The Wild and Wonderful Whites of West Virginia

Tuesday, May 21 st, 2019 at 00:05 am 
The Wild and Wonderful Whites of West Virginia
The Wild and Wonderful Whites of West Virginia

The Wild and Wonderful Whites of West Virginia – Movie Review


A year in the life of the White family, well known for Jesco White, the star of the “Dancing Outlaw” documentary.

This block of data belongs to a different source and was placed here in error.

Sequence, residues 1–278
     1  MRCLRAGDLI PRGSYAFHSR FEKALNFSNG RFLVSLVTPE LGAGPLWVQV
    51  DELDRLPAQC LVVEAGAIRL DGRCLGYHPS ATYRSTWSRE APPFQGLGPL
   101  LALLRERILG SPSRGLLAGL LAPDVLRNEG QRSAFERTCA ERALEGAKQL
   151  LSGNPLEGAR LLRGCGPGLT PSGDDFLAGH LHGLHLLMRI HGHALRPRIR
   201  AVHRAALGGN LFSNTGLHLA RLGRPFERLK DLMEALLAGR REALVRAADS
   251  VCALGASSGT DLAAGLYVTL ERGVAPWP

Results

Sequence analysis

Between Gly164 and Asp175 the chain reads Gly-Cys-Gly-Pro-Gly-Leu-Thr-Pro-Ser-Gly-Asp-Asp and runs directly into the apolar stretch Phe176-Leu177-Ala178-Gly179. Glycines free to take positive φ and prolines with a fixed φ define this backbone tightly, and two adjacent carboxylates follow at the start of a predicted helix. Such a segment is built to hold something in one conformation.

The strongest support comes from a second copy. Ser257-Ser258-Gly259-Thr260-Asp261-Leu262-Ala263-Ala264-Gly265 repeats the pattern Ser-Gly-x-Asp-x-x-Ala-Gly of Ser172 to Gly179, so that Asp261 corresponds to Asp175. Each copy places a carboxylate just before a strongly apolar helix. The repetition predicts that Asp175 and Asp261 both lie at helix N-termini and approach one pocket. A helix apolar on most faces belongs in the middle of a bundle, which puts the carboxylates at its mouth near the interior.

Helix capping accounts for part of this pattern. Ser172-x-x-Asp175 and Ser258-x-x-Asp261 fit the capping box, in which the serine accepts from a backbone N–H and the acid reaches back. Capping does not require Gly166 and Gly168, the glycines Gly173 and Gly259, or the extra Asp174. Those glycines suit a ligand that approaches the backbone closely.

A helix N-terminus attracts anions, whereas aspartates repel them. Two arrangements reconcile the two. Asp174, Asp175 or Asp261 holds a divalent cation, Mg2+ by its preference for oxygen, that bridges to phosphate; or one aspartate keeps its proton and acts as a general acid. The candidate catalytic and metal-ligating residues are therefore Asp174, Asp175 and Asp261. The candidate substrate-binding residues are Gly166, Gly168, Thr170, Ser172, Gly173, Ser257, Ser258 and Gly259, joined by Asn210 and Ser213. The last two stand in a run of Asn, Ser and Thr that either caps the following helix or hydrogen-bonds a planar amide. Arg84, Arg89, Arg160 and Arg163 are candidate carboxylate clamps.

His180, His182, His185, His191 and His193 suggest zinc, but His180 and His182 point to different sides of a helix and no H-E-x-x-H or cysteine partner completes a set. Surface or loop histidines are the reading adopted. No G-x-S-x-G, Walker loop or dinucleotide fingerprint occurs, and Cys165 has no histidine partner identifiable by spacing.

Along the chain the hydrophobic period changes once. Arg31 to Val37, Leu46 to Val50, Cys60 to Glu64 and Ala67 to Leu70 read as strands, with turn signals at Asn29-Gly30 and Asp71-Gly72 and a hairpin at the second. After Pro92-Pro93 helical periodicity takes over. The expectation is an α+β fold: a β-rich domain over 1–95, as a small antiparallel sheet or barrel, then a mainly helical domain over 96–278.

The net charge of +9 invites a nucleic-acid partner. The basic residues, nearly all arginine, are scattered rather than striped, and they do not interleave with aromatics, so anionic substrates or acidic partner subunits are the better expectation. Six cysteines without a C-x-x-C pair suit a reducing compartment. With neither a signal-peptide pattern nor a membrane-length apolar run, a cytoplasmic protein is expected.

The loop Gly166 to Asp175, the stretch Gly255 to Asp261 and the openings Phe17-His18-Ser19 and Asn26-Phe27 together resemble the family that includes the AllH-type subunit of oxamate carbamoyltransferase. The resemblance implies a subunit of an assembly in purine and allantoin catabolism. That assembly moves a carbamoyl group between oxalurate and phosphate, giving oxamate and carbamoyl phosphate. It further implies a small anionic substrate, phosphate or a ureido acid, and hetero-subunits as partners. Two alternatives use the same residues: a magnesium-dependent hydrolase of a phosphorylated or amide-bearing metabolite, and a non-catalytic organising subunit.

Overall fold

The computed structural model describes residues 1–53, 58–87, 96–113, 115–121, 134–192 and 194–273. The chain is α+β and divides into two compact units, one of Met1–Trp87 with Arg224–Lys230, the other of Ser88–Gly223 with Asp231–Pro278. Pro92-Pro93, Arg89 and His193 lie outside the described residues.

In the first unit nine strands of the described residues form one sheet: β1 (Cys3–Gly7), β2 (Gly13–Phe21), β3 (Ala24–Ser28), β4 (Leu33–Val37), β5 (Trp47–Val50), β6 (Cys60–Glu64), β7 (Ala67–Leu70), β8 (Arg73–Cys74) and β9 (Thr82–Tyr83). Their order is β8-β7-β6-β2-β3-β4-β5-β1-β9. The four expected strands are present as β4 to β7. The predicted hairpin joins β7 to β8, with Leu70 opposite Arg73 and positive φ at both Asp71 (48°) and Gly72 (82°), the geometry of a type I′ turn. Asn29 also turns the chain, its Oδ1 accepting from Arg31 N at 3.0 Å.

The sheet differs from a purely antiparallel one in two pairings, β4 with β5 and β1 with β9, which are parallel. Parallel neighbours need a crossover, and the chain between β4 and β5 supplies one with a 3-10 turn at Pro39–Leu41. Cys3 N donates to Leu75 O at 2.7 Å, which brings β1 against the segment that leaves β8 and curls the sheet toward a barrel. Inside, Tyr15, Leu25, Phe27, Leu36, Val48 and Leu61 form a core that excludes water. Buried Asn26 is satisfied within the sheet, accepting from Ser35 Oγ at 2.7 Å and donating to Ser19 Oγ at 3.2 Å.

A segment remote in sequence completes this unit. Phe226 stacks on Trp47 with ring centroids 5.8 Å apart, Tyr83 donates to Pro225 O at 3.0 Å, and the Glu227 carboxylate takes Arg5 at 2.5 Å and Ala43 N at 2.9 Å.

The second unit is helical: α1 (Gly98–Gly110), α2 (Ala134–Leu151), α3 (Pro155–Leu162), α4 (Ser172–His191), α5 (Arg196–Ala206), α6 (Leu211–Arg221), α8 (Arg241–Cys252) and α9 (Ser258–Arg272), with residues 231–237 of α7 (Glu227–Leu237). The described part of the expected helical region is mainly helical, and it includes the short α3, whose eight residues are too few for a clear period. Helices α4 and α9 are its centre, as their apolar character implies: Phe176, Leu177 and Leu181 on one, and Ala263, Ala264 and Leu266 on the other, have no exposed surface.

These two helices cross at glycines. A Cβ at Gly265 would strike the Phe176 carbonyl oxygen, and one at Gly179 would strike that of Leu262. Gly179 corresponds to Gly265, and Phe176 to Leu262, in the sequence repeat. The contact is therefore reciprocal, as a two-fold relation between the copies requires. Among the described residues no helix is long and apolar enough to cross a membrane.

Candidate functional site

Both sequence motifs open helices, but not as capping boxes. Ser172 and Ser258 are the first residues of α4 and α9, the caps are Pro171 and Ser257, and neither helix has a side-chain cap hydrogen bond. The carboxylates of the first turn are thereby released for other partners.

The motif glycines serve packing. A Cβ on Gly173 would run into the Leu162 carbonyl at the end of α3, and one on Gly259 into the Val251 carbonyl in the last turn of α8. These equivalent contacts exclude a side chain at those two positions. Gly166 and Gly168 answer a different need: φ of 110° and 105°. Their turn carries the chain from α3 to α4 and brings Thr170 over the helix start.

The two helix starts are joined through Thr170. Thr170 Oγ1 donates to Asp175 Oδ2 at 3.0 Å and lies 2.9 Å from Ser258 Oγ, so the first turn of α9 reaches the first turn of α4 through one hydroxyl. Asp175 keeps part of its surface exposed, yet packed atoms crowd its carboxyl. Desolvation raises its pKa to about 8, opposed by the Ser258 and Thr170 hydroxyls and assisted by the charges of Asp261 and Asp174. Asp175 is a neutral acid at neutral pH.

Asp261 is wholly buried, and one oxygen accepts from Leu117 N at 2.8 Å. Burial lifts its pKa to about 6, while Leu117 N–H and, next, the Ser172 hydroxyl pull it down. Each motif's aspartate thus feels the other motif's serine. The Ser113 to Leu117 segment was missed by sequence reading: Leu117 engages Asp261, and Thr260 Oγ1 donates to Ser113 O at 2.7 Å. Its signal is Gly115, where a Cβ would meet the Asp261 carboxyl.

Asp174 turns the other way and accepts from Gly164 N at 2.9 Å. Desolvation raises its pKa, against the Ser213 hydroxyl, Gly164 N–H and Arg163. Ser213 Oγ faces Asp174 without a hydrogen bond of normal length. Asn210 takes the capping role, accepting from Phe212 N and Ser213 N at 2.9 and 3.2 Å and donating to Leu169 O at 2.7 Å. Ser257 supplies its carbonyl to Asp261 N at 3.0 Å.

The Wild and Wonderful Whites of West Virginia is a documentary that focuses on a family from West Virginia call the Whites. The patriarch of which was actually a dancer who made up his own style of dancing. It looks vaguely like tap dancing and a little bit like Stomp or clogging, and was killed at an early age. The matriarch we meet at the beginning of the movie, although she actually dies by the end of it, and they show the family tree. I don’t know exactly how to feel about this because part of it seems to me like squeamish Northern paternalism. It sort of says “look at those Southern idiots who are all inbred and stupid and have no teeth.” Another part of it makes you actually care about some of the family members. This is a family of incredibly poor people who are not without guile. They are certainly without education and certainly without conscience to a very large extent, the women as much as the men. Most of them have been involved in shootings or murders of some kind. Several of them actually die. One of them loses her child because the child is born so drug addicted that they take the child away. One young man shoots his uncle three times, including twice in the face, somehow doesn’t kill him, is in prison, is awaiting trial, and is expecting that because he and the judge are such good friends, he’ll just be able to go home. Instead, he gets 50 years. The uncle who’s also interviewed says, “well, a part of me feels that when he comes out of prison that I’ll have to kill him, but another part of me loves him.” That’s kind of the whole theme of the whole movie. These are hard drinking, uneducated, poor people, who have, as someone finally points out in the end, really nothing to look forward to. They live in the poorest of the poor in a mining state and have to deal with the idea that the whole earth could fall on them and crush them at any time, or they could drown or be electrocuted. So, not much to look forward to. The only family member that actually gets out, goes to Minneapolis and sort of remains in a rude way kind of poor white trash in Minneapolis. As a Southerner, I don’t know exactly how to feel about this. As a documentary film, it’s kind of like watching bugs under a microscope, but I’m not sure that that’s the tones that human beings should take with one another, so I’ll give it two stars.